Using gauss theorem you can easily find the dependence of field on \(r\) the distance from the axis.For this use \(E2πrh=\rhoπr^2h\).The net flux through the part(cylinder) is \(Q/\epsilon\).Now this is equal to \(\phi1\)+\(\phi2\).To find \(\phi2\) or the flux through the circular face use the very definition of flux \(\phi\)=\(EdScos\alpha\).And note that the field that we computed is radially outwards.An important aspect to note is that one can't use Solid Angle here as the field dependence isn't \(1/r^2\).So use the trivial method.

Yes its correct.Another thing worth noting is small circular face So we can neglect the small angle \(\alpha-->0\).So \(\phi2\)=\(EπR^2\)=\(\rho r/2\epsilon*πR^2\).And Subtract this from \(\phi\)=\(\rho πR^2r/\epsilon\).The answer comes to be \(1/2\)\(\phi\)

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TopNewestUsing gauss theorem you can easily find the dependence of field on \(r\) the distance from the axis.For this use \(E2πrh=\rhoπr^2h\).The net flux through the part(cylinder) is \(Q/\epsilon\).Now this is equal to \(\phi1\)+\(\phi2\).To find \(\phi2\) or the flux through the circular face use the very definition of flux \(\phi\)=\(EdScos\alpha\).And note that the field that we computed is radially outwards.An important aspect to note is that one can't use Solid Angle here as the field dependence isn't \(1/r^2\).So use the trivial method.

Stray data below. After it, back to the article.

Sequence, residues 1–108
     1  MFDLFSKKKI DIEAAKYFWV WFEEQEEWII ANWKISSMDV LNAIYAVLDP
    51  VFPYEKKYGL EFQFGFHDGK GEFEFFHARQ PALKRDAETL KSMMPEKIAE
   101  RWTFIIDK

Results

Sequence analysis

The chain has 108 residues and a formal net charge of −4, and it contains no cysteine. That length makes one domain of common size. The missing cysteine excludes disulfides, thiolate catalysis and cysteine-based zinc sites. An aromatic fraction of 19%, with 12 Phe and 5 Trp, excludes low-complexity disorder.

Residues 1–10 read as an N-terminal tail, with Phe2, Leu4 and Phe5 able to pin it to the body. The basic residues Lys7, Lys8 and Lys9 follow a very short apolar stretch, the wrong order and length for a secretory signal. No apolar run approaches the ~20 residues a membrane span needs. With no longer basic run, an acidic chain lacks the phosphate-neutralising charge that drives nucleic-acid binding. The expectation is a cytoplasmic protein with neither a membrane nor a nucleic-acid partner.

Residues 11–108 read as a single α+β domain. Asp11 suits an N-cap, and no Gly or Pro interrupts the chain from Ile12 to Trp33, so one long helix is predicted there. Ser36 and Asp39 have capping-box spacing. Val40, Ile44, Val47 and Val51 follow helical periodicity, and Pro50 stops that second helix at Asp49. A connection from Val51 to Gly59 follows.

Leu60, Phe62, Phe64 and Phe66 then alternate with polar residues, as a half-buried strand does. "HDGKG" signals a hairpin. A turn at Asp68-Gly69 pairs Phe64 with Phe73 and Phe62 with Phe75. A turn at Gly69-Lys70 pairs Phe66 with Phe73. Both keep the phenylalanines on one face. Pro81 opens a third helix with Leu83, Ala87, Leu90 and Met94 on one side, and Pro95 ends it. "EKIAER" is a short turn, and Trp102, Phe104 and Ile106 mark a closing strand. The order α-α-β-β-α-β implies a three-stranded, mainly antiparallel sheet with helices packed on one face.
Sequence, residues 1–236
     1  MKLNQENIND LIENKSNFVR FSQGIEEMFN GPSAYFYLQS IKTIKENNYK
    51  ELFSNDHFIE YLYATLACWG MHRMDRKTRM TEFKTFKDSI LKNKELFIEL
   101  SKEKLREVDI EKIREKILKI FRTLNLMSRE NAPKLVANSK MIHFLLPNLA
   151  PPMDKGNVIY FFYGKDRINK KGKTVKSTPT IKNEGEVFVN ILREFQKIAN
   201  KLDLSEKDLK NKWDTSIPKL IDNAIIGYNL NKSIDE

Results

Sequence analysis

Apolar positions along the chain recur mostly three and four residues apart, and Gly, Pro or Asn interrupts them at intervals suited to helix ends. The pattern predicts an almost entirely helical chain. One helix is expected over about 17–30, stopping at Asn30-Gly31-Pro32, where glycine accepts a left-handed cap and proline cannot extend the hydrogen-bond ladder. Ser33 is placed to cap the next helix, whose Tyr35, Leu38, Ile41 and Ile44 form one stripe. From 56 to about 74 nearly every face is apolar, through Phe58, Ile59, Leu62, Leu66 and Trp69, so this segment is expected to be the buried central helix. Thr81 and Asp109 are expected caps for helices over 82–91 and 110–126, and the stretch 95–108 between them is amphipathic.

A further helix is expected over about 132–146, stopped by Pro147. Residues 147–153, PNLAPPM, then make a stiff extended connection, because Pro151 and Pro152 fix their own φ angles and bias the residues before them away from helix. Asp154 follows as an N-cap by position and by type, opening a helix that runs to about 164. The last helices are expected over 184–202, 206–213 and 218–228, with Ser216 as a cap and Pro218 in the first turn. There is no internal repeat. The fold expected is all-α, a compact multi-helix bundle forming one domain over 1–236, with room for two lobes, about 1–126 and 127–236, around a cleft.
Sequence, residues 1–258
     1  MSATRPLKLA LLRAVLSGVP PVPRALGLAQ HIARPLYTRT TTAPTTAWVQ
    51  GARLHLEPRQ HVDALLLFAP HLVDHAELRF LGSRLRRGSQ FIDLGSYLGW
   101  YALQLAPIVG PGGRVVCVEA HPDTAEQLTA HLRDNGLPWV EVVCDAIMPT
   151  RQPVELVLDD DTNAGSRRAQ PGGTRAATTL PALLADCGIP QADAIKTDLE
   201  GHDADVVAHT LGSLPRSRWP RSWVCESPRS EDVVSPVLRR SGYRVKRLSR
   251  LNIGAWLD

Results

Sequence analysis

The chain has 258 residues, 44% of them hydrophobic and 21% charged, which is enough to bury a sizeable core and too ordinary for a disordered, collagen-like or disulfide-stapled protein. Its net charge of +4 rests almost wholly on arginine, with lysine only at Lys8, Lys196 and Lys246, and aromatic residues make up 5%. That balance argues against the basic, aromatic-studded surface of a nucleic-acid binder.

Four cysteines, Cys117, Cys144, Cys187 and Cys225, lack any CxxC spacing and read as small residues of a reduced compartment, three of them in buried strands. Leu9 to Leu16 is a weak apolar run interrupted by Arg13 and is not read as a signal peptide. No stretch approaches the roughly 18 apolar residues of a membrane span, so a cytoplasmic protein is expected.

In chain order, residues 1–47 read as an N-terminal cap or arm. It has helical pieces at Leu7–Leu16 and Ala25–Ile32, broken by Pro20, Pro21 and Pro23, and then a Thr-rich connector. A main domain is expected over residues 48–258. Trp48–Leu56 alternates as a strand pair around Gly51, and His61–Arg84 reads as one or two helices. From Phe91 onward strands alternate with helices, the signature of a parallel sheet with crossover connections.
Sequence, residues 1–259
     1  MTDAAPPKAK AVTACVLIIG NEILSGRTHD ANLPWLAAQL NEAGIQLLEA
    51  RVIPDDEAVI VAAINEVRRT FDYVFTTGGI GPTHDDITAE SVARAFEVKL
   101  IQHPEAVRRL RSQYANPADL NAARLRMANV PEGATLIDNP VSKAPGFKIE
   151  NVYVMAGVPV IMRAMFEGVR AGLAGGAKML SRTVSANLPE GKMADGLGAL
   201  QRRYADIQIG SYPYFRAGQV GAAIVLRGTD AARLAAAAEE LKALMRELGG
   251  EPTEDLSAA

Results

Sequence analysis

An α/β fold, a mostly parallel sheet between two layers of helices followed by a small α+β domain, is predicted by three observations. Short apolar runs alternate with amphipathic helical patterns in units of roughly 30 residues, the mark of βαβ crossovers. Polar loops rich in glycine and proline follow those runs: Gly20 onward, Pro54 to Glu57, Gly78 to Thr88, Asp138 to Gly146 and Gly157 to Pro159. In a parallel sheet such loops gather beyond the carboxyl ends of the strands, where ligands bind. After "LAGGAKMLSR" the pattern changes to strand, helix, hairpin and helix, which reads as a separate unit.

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Answer is \(px(\pi*a^2)/2\in\)

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Yes its correct.Another thing worth noting is small circular face So we can neglect the small angle \(\alpha-->0\).So \(\phi2\)=\(EπR^2\)=\(\rho r/2\epsilon*πR^2\).And Subtract this from \(\phi\)=\(\rho πR^2r/\epsilon\).The answer comes to be \(1/2\)\(\phi\)

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but it isnt coming from this method please provide solution

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